Simulated ENSO teleconnection in the HAPPI ensemble present-day experiment. (a) Ensemble-mean DJF SLP anomaly for CAM4-2degree (contours; interval: 1 hPa; zero contour omitted, negative contours in dashed lines) and its difference from the equivalent ERA-Interim composite (shading; only where the ERA-Interim composite lies outside the 5th–95th percentile range). Ensemble-mean (contours) and 95th–5th percentile spread (shading) in the DJF SLP anomaly during (b) ENSO and (c) non-ENSO winters for CAM4-2degree. (d) Position of the center of the ENSO DJF SLP anomaly. Small circles show each member. Large dots show the model means. ERA-Interim is represented by the large red dot.

Fig. 3.

Simulated ENSO teleconnection in the HAPPI ensemble present-day experiment. (a) Ensemble-mean DJF SLP anomaly for CAM4-2degree (contours; interval: 1 hPa; zero contour omitted, negative contours in dashed lines) and its difference from the equivalent ERA-Interim composite (shading; only where the ERA-Interim composite lies outside the 5th–95th percentile range). Ensemble-mean (contours) and 95th–5th percentile spread (shading) in the DJF SLP anomaly during (b) ENSO and (c) non-ENSO winters for CAM4-2degree. (d) Position of the center of the ENSO DJF SLP anomaly. Small circles show each member. Large dots show the model means. ERA-Interim is represented by the large red dot.

The North Pacific portion of the ENSO teleconnection exhibits substantial variability across the members in terms of its intensity and location. The spread in the SLP anomaly, that is the difference between the 95th and 5th percentiles of the member distribution, has large values (8–10 hPa) over the North Pacific, a few degrees poleward of the SLP anomaly center, as well as around the Barents–Kara Seas extending over the North Atlantic (Fig. 3b for CAM4-2degree and Fig. S4 for all HAPPI models).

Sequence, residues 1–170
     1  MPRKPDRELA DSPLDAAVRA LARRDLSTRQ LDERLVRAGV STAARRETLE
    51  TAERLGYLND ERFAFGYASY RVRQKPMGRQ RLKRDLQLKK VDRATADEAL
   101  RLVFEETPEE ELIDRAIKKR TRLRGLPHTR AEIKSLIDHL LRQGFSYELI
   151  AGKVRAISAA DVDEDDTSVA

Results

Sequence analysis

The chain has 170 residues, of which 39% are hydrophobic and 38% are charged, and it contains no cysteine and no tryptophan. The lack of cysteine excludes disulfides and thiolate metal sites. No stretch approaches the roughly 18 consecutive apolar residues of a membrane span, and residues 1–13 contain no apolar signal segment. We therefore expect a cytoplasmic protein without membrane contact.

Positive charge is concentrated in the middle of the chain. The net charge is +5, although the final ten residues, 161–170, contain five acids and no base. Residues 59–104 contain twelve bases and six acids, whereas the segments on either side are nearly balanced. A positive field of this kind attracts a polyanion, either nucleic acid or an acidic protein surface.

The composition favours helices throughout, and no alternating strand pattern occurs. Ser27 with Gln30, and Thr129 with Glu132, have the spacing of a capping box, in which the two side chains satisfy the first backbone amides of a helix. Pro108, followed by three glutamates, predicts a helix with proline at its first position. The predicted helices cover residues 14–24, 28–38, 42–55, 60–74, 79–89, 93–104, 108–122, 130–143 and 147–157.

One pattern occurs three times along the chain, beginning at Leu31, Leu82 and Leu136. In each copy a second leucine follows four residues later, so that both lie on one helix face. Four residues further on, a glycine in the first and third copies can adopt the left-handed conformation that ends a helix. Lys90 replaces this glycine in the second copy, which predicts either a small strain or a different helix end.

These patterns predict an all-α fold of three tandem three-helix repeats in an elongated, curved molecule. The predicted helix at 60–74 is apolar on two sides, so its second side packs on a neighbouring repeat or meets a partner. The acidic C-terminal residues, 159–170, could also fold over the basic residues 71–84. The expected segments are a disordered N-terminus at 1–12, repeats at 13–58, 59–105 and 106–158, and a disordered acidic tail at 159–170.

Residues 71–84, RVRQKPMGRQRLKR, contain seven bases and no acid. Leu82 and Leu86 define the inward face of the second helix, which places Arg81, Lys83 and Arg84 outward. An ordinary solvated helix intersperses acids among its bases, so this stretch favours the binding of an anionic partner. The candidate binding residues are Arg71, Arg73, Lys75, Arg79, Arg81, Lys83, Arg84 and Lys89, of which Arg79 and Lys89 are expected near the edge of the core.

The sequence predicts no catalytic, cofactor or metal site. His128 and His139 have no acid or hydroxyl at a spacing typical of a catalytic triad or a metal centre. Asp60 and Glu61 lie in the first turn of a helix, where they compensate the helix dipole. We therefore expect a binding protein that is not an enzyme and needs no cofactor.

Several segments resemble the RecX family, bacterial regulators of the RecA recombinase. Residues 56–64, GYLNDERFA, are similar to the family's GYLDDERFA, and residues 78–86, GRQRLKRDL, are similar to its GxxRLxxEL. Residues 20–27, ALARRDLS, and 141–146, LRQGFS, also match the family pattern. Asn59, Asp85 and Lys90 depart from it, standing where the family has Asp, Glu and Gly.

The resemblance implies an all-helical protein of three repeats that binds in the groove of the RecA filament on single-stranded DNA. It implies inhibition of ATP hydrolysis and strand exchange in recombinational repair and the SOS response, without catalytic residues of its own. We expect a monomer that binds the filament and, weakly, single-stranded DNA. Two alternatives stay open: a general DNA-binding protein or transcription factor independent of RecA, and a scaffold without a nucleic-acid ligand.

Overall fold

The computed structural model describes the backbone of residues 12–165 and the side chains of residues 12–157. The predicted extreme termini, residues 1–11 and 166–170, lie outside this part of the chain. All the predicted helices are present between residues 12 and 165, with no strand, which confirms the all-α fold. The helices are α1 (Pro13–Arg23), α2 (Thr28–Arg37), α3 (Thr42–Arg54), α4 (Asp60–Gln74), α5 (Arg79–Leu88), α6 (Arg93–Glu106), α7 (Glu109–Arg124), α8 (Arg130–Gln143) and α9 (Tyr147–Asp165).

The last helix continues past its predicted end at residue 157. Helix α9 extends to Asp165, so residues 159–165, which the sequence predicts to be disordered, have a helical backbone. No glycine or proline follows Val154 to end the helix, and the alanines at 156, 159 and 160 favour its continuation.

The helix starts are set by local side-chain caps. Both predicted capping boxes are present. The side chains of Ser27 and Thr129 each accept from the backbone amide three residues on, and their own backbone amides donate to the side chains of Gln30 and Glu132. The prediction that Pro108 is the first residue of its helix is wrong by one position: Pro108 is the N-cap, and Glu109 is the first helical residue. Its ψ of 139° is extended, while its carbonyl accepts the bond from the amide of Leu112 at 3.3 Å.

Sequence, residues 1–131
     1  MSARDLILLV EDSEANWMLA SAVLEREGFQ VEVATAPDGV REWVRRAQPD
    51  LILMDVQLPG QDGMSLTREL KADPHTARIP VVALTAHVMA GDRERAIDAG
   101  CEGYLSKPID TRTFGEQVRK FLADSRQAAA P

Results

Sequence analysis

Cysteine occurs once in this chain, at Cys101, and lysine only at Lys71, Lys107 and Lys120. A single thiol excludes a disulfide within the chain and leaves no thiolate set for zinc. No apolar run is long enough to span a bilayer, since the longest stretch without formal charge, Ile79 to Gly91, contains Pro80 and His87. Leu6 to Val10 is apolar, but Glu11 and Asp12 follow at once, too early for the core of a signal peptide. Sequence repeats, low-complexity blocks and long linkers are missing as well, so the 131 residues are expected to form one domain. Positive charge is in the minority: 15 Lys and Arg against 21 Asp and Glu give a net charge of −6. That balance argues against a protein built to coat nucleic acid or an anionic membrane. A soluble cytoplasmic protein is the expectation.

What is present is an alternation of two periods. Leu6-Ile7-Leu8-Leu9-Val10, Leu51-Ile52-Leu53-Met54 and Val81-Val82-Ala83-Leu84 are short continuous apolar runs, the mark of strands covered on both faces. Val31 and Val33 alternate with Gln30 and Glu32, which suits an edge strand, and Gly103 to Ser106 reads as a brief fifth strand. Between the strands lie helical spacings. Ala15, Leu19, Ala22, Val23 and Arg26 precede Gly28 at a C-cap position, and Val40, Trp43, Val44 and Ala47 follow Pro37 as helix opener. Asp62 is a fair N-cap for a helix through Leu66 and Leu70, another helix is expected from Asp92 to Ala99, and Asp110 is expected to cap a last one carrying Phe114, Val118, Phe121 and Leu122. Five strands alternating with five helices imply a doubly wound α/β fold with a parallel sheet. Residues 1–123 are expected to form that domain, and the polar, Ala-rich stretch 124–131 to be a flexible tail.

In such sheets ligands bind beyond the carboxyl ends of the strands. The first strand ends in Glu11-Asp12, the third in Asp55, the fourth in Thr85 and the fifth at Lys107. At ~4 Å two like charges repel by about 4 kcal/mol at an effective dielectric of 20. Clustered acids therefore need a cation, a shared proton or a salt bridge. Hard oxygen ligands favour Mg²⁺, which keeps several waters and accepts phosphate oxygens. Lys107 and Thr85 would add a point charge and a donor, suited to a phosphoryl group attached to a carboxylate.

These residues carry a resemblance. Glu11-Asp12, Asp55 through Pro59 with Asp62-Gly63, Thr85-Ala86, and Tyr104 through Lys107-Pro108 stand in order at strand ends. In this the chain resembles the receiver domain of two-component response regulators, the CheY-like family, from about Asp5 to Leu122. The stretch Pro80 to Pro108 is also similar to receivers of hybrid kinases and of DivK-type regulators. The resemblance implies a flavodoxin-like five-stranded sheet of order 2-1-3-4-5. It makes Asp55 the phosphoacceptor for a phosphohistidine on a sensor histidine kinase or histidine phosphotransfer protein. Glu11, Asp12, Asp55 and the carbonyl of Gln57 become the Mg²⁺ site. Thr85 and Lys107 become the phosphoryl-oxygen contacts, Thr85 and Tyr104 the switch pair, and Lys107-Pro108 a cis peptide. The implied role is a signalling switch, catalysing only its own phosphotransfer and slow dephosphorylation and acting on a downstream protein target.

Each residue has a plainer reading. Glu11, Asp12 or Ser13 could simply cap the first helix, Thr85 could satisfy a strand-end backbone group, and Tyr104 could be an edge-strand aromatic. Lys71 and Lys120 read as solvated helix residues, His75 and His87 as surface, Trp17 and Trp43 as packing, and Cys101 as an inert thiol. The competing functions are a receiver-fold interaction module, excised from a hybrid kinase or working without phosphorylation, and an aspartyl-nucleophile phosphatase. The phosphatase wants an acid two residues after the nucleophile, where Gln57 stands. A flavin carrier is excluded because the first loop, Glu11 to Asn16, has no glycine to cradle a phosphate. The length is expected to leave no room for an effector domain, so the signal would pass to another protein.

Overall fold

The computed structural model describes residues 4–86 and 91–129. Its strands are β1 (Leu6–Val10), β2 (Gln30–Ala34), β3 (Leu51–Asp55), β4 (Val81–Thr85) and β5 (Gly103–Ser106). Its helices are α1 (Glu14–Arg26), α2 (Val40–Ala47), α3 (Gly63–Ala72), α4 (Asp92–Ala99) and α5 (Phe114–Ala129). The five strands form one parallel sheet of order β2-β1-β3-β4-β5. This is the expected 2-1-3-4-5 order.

Figure 3d shows the large ensemble spread in the position of the North Pacific SLP anomaly, with the position calculated as follows:

 
{λC=DSLP2λDSLP2φC=DSLP2φDSLP2,
(1)

where (λC, φC) are the longitude and latitude of the “center of action” of the SLP anomaly (SLP′). The summation is done over all longitudes and latitudes (λ, φ) in the domain D=(20°–70°N,120°–250°E), covering a large part of the North Pacific, for which SLP′ is negative. On average, the ensemble mean position of the North Pacific center of action is situated south of the Aleutian Islands, but the exact position varies from model to model, e.g., the center in CAM4-2degree is a few degrees southwest of the center in NorESM1-Happi (large filled dots in Fig. 3d). The ERA-Interim center of action (red dot) lies east of the five model-mean centers but well within the spread across individual ensemble members.

Overall, we consider the ENSO teleconnection to be well simulated by the HAPPI models.

4. What is the response of the North Pacific ENSO teleconnection to climate change?